Judging folks based on possessions is something we just do. No, it’s not right but that’s just how it is. We are constantly bombarded by flashy reality television shows flaunting über fancy “cribs” and cars. We’re told through advertising that if we don’t have the latest iPhone, iPad and matching Mac Book Pro … well, then, you ain’t cool. As a culture, we’ve always been concerned with “the haves.”
But, over the last few years, as social media becomes a bigger part of our culture and lives, an interesting shift has occurred in how we are viewing status symbols. There’s a new dimension to what people are paying attention. On top of status is based on worldly possessions, we’re now judging people based on virtual followings. Kim Kardashian, for example, is rarely mentioned in the tabloid magazines without including that she has 11.5 million Twitter followers. She is looked at as more of a legitimate celebrity simply for having a massive online following.
This new status measurement is also used with digital marketers and brands. Twitter followers, Facebook fans, and Klout scores are used as a quick barometer for how competent individuals are and how well brands are doing. Marketers are the first to jump for excitement when they reach a high number of Facebook fans as if they’ve achieved validation for success. Social media blogs write stories about what brands have the most fans and followers.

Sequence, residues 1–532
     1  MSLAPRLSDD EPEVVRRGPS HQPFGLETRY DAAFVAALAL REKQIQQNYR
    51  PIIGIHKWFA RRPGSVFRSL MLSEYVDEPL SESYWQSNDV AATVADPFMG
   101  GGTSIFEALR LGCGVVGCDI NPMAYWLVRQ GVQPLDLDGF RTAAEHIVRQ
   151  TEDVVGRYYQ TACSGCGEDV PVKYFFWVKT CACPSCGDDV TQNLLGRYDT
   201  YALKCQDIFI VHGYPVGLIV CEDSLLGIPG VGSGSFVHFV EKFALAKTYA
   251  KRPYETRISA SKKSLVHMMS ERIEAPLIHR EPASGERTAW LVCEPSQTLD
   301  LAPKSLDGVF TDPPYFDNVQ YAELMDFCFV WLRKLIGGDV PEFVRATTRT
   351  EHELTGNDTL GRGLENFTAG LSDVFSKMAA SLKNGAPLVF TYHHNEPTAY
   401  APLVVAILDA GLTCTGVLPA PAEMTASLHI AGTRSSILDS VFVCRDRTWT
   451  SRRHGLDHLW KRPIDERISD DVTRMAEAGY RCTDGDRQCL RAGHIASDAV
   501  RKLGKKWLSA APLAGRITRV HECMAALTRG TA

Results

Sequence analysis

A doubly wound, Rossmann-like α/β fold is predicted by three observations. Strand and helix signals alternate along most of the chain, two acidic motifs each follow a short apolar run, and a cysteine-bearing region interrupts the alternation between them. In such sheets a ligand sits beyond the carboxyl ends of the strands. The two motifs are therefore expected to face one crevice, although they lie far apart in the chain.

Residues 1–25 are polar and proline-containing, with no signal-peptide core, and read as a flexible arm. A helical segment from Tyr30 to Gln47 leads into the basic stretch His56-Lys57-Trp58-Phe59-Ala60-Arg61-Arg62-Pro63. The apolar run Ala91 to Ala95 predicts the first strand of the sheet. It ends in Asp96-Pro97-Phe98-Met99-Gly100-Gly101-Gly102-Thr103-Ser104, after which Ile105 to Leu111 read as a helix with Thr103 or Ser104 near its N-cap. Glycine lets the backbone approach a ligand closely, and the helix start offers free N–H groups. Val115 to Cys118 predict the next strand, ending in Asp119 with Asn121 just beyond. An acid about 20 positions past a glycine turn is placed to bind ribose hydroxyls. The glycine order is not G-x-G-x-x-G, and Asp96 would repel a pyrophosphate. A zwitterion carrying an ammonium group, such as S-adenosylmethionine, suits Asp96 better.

We seem to have replaced “keeping up with the Joneses” with “keeping up with the @kardashians.” And the culprit responsible is what we call vanity metrics.
There is a certain segment of social media metrics that we often use as a measurement of businesses’ success. These metrics are called vanity metrics, and marketers are hypnotized by them. Vanity metrics are numbers that most marketers focus on because they look great in press releases, but they don’t necessarily affect overall marketing or business goals.
The term vanity metrics was coined by Eric Ries and made popular by his book, The Lean Startup. They are defined as numbers that might make you feel good, but they don’t offer clear guidance for what your business should or should not do in the future. Their intense focus is a big reason why social media ROI is difficult for most brands to judge. Vanity metrics do not necessarily correlate with other measurable numbers that really do matter for your business. These growth metrics can often be signs of traction (which is why they should be monitored), but it is important to distinguish between these vanity metrics and real digital metrics, like conversation rates.
A brand with a huge online following can be less successful than a smaller following of passionate and raving customers. Follower counts alone do not help to evaluate whether or not your strategy is working. They are no indication that your competition is doing better or worse than you. These metrics should be watched, but you should not to be fooled by them.
Moral of the story is to not get swept up in the hype of who has more. Businesses would be wise to quit trying to keep up with the @kardashians and, instead, focus on keeping up with the strategy.